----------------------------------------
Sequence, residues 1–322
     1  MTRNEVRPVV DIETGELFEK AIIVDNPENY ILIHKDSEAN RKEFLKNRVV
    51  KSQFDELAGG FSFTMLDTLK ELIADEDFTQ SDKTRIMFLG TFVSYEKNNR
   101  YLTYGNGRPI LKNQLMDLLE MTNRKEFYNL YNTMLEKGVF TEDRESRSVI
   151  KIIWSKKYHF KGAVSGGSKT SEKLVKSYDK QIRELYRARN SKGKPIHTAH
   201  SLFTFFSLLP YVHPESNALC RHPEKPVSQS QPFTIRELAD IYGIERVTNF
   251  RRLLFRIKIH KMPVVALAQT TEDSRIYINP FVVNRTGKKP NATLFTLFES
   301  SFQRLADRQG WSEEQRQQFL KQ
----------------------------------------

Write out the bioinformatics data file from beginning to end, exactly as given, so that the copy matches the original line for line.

Sequence, residues 1–322
     1  MTRNEVRPVV DIETGELFEK AIIVDNPENY ILIHKDSEAN RKEFLKNRVV
    51  KSQFDELAGG FSFTMLDTLK ELIADEDFTQ SDKTRIMFLG TFVSYEKNNR
   101  YLTYGNGRPI LKNQLMDLLE MTNRKEFYNL YNTMLEKGVF TEDRESRSVI
   151  KIIWSKKYHF KGAVSGGSKT SEKLVKSYDK QIRELYRARN SKGKPIHTAH
   201  SLFTFFSLLP YVHPESNALC RHPEKPVSQS QPFTIRELAD IYGIERVTNF
   251  RRLLFRIKIH KMPVVALAQT TEDSRIYINP FVVNRTGKKP NATLFTLFES
   301  SFQRLADRQG WSEEQRQQFL KQ